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tion, you must specify a URL pattern you want to secure. In our example, we use the <url-
pattern> element to specify that we want to secure the /services/customers URL. The
<http-method> element says that we only want to secure POST requests to this URL. If we
leave out the <http-method> element, all HTTP methods are secured. In our example, we
only want to secure POST requests, so we must define the <http-method> element.
Next, we have to specify which roles are allowed to POST to /services/customers . In the
web.xml file example, we define an <auth-constraint> element within a <security-con-
straint> . This element has one or more <role-name> elements that define which roles are
allowed to access the defined constraint. In our example, applying this XML only gives the
admin role permission to access the /services/customers URL.
If you set a <role-name> of * instead, any user would be able to access the constrained
URL. Authentication with a valid user would still be required, though. In other words, a
<role-name> of * means anybody who is able to log in can access the resource.
Finally, there's an additional bit of syntactic sugar we need to specify in web.xml . For every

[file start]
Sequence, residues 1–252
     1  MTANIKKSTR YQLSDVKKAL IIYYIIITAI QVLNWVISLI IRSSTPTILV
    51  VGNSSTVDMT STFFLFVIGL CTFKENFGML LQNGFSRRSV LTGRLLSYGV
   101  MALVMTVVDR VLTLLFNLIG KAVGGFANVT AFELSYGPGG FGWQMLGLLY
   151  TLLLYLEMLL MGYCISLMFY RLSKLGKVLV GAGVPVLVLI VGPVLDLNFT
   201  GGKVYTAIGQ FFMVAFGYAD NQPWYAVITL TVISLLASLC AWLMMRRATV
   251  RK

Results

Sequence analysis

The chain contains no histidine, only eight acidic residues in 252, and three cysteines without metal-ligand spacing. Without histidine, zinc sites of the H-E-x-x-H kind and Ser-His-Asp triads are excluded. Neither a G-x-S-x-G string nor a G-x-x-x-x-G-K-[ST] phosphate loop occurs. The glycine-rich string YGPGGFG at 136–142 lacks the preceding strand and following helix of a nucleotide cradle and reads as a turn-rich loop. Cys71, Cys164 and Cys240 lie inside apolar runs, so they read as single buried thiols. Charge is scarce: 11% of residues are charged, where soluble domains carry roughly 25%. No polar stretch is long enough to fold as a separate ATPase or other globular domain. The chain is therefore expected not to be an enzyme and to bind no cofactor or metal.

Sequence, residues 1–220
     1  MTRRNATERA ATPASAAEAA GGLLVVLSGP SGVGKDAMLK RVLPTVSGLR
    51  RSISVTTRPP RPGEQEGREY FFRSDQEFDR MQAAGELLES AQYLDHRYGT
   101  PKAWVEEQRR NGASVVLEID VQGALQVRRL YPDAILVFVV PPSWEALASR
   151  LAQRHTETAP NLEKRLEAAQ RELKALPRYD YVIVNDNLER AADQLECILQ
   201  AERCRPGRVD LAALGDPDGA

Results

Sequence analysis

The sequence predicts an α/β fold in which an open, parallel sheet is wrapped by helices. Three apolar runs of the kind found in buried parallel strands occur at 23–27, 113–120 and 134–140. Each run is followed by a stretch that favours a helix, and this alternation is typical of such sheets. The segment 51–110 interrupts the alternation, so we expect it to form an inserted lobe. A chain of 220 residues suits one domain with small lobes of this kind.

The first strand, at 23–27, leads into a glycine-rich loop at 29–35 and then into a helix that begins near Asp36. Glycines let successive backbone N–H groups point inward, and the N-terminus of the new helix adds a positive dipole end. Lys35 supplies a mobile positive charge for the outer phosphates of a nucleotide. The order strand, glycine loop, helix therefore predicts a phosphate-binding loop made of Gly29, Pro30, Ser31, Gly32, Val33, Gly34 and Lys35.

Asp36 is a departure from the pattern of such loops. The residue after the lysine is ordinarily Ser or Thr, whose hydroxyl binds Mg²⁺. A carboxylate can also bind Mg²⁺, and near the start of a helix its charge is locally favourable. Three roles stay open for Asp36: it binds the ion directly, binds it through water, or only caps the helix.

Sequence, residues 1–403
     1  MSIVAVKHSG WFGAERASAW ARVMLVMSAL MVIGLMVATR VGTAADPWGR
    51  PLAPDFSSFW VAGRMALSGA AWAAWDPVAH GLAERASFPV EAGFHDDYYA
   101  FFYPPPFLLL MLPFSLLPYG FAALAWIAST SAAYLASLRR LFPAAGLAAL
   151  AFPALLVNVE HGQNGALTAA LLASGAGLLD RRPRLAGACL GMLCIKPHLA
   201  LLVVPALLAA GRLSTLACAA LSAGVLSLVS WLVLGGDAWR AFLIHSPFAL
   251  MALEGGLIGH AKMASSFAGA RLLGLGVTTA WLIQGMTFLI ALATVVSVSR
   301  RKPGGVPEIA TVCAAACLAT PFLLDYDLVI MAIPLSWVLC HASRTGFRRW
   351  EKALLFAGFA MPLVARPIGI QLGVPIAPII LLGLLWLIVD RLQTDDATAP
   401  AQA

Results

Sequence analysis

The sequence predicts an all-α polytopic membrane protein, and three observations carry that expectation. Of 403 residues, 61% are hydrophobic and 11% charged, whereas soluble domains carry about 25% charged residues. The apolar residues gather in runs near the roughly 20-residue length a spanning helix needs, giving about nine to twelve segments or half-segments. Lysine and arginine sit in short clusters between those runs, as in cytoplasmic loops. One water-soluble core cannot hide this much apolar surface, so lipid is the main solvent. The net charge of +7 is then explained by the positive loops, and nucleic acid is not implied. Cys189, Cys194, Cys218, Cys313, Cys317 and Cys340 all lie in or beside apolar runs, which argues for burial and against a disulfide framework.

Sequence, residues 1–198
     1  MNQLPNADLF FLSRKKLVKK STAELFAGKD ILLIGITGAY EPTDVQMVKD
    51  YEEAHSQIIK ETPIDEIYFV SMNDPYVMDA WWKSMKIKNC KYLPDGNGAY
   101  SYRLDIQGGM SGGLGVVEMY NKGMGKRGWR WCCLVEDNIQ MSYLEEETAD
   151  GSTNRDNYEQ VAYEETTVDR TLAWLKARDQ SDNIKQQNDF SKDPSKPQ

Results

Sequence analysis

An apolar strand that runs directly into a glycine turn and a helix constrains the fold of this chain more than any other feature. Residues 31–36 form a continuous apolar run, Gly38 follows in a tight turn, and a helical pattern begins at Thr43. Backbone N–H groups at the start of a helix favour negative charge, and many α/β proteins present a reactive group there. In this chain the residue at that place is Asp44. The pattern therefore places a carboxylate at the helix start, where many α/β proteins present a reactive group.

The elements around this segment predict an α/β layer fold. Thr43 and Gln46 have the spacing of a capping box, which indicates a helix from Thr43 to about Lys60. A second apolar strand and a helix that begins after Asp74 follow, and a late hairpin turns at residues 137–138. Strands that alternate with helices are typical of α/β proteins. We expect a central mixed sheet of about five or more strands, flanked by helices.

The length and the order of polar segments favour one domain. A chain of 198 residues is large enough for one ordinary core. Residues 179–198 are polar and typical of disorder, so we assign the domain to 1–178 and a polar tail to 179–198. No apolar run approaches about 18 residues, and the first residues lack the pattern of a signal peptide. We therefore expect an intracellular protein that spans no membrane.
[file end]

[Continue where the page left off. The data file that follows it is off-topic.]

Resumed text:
<role-name> we use in our <auth-constraints> declarations, we must define a corres-
ponding <security-role> in the deployment descriptor.
There is a minor limitation when you're declaring <security-constraints> for JAX-RS
resources. The <url-pattern> element does not have as rich an expression syntax as JAX-
RS @Path annotation values. In fact, it is extremely limited. It supports only simple wildcard
matches via the * character. No regular expressions are supported. For example:
▪ /*
▪ /foo/*
▪ *.txt
The wildcard pattern can only be used at the end of a URL pattern or to match file exten-
sions. When used at the end of a URL pattern, the wildcard matches every character in the
incoming URL. For example, /foo/* would match any URL that starts with /foo . To match
file extensions, you use the format *. <suffix> . For example, the *.txt pattern matches any
URL that ends with .txt . No other uses of the wildcard character are permitted in URL pat-
terns. For example, here are some illegal expressions:
▪ /foo/*/bar
▪ /foo/*.txt
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